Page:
National Cancer Grid (NCG), Tata Memorial Centre (TMC)

The NCG is a consortium of 104 cancer centers, with a mandate to standardize cancer care, nationally. NCG is the largest global network of cancer centers collaborating to use technology and training to bring cancer expertise to every oncologist and cancer patient in India. TMC is Asia’s largest leading tertiary care expert cancer center, seeing over 67,000 cancer patients every year. Its strength necessitates a responsibility to make its expertise available to patients across India and developing countries, especially those who reside in locations where there are no expert cancer care centers.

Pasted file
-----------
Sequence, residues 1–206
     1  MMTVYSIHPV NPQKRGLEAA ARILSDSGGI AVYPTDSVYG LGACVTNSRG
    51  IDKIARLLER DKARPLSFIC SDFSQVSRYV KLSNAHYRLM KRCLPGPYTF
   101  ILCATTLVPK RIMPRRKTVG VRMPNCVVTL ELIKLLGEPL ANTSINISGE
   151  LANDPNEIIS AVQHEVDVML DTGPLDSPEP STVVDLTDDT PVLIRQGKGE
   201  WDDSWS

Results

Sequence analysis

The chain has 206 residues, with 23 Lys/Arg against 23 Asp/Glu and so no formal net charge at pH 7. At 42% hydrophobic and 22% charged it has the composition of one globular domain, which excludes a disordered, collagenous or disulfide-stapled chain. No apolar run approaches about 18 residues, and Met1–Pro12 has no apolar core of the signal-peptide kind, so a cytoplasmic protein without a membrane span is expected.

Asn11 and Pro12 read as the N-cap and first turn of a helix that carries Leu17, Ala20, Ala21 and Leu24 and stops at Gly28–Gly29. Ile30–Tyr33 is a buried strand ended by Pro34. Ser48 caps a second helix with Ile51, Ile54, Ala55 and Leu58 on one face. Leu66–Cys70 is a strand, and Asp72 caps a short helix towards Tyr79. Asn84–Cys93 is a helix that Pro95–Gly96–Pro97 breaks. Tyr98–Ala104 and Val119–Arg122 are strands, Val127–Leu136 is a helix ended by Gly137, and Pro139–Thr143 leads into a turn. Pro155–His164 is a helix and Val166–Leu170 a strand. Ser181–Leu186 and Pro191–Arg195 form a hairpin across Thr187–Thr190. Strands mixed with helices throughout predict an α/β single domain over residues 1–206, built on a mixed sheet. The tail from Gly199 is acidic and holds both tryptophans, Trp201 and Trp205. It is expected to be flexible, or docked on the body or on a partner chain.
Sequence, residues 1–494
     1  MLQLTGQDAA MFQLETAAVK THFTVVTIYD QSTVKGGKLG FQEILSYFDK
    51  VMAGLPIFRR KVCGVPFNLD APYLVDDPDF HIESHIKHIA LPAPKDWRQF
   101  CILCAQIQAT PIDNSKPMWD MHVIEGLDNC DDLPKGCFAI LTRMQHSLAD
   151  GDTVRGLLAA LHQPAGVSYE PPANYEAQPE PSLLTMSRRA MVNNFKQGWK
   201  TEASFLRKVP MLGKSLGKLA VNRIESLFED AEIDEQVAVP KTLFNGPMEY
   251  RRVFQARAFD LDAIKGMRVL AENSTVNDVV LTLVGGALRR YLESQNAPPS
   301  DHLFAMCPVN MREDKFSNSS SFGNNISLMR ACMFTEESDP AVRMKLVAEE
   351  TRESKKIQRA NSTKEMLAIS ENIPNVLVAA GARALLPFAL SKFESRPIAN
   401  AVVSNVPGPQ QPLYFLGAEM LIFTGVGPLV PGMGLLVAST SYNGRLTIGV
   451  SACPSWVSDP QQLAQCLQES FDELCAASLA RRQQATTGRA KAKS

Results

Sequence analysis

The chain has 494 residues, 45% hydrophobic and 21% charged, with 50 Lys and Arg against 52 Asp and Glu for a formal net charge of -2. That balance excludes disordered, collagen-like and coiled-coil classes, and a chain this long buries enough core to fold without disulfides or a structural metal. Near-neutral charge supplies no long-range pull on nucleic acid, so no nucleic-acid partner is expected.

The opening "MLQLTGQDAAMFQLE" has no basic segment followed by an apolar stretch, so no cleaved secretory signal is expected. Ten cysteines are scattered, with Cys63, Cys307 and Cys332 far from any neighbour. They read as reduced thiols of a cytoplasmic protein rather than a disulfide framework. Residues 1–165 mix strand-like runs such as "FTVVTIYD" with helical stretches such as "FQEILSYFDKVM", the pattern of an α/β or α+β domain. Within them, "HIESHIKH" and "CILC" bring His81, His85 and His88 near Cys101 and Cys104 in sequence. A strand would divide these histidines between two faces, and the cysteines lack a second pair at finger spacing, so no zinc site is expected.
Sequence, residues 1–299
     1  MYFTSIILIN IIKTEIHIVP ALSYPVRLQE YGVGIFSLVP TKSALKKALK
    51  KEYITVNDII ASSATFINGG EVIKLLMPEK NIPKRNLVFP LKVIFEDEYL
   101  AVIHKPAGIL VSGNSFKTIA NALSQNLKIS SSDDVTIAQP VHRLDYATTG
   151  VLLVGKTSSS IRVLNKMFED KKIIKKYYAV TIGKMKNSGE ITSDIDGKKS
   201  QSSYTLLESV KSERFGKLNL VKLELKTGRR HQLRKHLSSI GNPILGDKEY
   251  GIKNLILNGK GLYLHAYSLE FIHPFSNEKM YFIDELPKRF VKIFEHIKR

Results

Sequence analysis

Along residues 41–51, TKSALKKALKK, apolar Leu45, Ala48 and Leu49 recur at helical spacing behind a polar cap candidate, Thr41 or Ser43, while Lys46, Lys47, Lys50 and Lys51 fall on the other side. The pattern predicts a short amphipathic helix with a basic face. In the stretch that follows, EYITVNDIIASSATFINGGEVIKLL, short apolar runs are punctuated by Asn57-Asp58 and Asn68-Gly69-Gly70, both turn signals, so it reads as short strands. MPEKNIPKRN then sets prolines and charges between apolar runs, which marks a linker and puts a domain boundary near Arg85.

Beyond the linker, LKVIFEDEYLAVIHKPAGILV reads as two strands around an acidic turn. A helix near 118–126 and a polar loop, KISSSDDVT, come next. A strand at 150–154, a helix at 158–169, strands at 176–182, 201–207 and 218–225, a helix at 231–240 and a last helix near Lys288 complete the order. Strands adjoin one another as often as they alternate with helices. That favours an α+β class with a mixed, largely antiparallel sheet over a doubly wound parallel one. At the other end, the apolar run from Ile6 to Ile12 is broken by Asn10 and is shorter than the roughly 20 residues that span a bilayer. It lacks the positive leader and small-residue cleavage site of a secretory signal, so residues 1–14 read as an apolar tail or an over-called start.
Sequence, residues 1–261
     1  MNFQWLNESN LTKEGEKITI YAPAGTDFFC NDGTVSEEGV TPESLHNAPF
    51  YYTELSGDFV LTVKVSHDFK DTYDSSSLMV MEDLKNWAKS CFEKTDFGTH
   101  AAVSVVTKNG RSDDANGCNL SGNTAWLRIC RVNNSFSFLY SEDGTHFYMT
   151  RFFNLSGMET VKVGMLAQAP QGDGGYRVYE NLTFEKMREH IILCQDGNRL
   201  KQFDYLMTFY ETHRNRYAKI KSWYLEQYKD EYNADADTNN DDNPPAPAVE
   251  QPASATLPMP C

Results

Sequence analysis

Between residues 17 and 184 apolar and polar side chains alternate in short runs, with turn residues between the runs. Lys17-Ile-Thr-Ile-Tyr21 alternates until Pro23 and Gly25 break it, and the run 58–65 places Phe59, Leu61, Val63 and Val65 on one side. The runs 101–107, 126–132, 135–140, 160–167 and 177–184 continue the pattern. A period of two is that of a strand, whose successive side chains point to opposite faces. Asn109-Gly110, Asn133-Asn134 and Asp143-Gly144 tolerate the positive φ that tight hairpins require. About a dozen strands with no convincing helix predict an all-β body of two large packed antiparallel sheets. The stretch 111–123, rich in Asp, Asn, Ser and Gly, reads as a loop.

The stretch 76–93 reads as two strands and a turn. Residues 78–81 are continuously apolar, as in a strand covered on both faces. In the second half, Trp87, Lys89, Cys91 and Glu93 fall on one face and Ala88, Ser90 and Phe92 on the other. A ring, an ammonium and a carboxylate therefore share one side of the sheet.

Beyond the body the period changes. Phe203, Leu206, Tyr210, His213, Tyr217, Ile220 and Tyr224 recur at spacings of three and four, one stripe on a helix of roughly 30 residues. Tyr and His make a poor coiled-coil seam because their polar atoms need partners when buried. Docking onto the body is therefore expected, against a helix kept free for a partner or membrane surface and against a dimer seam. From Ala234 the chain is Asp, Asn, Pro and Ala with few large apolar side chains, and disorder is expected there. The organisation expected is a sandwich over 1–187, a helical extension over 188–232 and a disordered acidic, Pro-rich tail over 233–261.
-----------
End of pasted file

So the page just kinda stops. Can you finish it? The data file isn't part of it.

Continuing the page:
Navya is a clinical informatics and patient services organization with a unique understanding of cancer patients and oncologists and a core commitment to cancer care. With a proven track record of successfully implementing innovative solutions that are low cost and effective, Navya is the first to develop technology systems specific to Indian cancer data for use by cancer patients and oncologists in India.  Contact:  Gitika Srivastava |